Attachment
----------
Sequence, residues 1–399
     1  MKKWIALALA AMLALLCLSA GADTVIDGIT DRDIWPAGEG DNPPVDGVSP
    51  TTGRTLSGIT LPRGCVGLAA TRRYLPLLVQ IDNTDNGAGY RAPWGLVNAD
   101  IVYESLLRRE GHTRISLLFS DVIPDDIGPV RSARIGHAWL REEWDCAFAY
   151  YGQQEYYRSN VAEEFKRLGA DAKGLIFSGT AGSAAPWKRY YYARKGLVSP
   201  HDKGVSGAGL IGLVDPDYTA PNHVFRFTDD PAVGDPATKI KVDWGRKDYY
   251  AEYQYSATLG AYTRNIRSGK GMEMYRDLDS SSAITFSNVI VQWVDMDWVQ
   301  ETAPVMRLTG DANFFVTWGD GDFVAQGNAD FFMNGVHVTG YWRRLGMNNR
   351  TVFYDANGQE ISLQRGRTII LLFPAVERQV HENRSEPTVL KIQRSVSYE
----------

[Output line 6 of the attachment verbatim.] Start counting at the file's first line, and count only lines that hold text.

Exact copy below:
   201  HDKGVSGAGL IGLVDPDYTA PNHVFRFTDD PAVGDPATKI KVDWGRKDYY